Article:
Innate to the travel experience is the feeling of being uncomfortable: you try different food, visit places you've never been before, and see people do things they don’t do back home. You step out of your comfort zone

However, there is a difference between being uncomfortable and being unsafe. Learn to take calculated risks and be aware of your surroundings. Follow the same tips for solo female travel you would adhere to anywhere, but be especially culturally astute and adapt your travel style to suit India's environment.

As a foreign woman who doesn't speak the language, you are more susceptible to be targeted by malicious people. Certain areas like Goa are more encouraged as solo female travel destinations in India; other regions are known for being less accommodating to women.

Traveling through India as a solo female traveler

4. Go with a travel group or do a Worldpackers placement

Traveling solo can be incredibly fulfilling. It has also become much more glamorized over other types of travel. Traveling solo is not the only option to have. 

In a country as daunting as India, it can be reassuring to go with a group or do a Worldpackers placement

My first introduction to India was a female empowerment tour with A Classic Tours Collection. I usually travel on my own, but I didn't want to be worried about potentially dangerous situations in India. 

The idea of being in a group put any of my fears to rest. With a female tour guide who spoke the local languages (there are more than 20 languages currently spoken in India by the way), I was eased into the culture. I could observe and adapt without having to fend for myself.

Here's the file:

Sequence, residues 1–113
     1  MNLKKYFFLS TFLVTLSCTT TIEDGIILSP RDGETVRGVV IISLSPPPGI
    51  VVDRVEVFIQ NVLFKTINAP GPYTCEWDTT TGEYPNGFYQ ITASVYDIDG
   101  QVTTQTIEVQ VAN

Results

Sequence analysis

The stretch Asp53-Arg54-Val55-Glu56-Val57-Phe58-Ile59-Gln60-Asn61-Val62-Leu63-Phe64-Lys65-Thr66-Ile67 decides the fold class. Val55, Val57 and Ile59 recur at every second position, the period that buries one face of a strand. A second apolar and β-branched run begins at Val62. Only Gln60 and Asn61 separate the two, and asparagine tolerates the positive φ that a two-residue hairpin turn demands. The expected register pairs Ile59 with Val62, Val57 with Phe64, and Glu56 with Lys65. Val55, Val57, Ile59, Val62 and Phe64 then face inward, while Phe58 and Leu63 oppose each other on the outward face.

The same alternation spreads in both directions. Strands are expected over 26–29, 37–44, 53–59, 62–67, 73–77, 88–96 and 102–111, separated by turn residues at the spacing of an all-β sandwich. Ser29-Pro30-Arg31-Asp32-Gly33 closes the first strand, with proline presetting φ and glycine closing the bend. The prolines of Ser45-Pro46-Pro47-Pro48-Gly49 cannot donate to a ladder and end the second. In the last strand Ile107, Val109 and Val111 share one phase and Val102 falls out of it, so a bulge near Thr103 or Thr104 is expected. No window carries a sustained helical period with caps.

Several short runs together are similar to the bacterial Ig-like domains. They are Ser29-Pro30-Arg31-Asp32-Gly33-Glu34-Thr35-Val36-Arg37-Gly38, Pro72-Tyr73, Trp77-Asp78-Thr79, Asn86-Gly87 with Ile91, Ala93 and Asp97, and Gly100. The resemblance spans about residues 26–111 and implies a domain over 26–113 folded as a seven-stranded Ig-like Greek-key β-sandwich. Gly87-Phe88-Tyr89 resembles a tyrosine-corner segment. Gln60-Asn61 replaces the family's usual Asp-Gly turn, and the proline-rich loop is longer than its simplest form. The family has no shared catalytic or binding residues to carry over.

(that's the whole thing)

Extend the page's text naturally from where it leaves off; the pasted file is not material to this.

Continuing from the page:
Another perk I hadn't considered? Befriending the other women on my trip. I was experiencing incredible sights and sounds, and having other people to debrief with helped me process what I was taking in each day. We parted as dear friends.

India was incredible, and I know I'll be back before long. On my next journey, I want to go even deeper in the local culture with a Worldpackers project in India. Worldpackers Verified Members get access to all kinds of exchange experiences in India without having to pay the expensive fees associated with India travel packages and India female travel groups, making travel a lot more affordable.

My experience with group travel in India was amazing, and with the knowledge I took from it, I I'd like to dive in and make a positive impact on the country as I travel

A few of the Worldpackers experiences that caught my eye for my next trip were the opportunities to utilize my writing and PR skills to empower underprivileged women and children at an NGO in Jodhpur, Rajasthan, work as a content creator for this stunning hostel in Jaipur (also Rajasthan), and help facilitate sustainable living practices at a farm and NGO in Wayanad, Kerala.

There is a wide variety of experiences available, so once you decide on the region of India you want to travel to and the type of cultural experience you wish to have, it's easy to find an opportunity that matches your interests and purpose of travel.

Cultural and heritage travel in India

I found that being a female traveler shut out many opportunities I had hoped to participate inIt also opened the door to profound experiences with other women, Indian and foreign alike

The question is not whether you should travel to India or not; the question is how.